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Characterizing the Interrelationships of Prescription Opioid and Benzodiazepine Drugs With Worker Health and Workplace Hazards.

Kowalski-McGraw, Michele MD, MPH; Green-McKenzie, Judith MD, MPH; Pandalai, Sudha P. MD, PhD; Schulte, Paul A. PhD
Journal of Occupational & Environmental Medicine: Post Author Corrections: September 19, 2017
doi: 10.1097/JOM.0000000000001154
Original Article: PDF Only

Objective: Prescription opioid and benzodiazepine drug use, which has risen significantly, can affect worker health. Exploration of the scientific literature assessed (1) interrelationships of such drug use, occupational risk factors, and illness and injury, and (2) occupational and personal risk factor combinations that can affect their use.

Methods: The scientific literature from 2000 to 2015 was searched to determine any interrelationships.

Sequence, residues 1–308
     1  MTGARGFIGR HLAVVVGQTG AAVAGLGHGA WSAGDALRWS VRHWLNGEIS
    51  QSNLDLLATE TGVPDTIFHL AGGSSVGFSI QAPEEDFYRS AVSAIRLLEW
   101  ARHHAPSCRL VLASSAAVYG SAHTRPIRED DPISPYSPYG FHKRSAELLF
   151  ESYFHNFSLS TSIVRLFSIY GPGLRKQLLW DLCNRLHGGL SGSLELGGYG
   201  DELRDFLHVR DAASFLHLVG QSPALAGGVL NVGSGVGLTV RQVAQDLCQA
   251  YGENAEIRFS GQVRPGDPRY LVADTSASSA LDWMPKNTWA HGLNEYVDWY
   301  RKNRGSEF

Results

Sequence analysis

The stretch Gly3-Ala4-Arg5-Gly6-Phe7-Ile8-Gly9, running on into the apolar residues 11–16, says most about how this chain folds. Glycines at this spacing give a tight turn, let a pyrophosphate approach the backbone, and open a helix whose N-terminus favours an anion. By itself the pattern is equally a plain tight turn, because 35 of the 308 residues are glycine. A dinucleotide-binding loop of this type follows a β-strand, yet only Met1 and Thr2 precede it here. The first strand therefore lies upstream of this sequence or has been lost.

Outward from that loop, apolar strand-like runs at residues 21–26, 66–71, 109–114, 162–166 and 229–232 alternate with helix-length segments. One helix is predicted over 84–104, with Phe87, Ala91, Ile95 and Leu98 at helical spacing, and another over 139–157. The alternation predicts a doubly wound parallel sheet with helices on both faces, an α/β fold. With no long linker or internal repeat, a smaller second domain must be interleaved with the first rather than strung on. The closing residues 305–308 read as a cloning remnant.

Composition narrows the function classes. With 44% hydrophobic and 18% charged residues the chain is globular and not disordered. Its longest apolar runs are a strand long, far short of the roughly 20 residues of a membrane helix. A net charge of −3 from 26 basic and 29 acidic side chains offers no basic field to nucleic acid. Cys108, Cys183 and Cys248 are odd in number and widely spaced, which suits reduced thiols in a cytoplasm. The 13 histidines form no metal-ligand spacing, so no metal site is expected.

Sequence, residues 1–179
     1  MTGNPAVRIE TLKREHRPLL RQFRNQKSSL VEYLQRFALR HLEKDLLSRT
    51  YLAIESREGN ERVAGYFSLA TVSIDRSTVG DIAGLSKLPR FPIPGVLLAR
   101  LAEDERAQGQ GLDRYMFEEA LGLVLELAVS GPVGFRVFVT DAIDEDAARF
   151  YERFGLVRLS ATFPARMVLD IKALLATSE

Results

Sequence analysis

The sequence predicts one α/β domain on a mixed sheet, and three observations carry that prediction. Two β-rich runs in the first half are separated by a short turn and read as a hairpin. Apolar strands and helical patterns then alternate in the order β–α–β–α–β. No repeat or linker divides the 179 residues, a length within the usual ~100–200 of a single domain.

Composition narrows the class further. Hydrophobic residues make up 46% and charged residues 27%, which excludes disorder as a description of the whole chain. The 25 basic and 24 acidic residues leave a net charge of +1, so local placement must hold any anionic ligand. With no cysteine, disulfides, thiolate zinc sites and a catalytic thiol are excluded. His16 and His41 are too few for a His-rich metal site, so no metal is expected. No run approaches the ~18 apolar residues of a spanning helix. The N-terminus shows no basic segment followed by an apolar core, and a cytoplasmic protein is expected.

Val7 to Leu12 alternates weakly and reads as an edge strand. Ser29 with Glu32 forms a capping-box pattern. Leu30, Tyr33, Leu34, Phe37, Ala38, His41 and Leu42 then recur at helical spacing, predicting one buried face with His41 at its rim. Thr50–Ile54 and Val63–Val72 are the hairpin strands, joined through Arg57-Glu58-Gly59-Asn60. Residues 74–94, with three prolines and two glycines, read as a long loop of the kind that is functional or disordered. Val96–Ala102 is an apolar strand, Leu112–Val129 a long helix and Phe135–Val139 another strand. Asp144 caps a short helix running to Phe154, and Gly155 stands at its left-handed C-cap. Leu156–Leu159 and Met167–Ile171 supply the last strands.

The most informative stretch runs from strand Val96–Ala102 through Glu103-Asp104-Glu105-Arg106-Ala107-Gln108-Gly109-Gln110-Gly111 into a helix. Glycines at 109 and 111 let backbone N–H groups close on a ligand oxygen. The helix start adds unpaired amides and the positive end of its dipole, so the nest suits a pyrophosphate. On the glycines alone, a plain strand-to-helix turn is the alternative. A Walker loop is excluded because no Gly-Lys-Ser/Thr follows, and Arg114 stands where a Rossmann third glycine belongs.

Results: Evidence for eight conceptual models emerged based on the search yield of 133 articles. These models summarize interrelationships among prescription opioid and benzodiazepine use with occupational injury and illness. Factors associated with the use of these drugs included fatigue, impaired cognition, falls, motor vehicle crashes, and the use of multiple providers.

Conclusion: Prescription opioid and benzodiazepine drugs may be both a personal risk factor for work-related injury and a consequence of workplace exposures.

Copyright (C) 2017 by the American College of Occupational and Environmental Medicine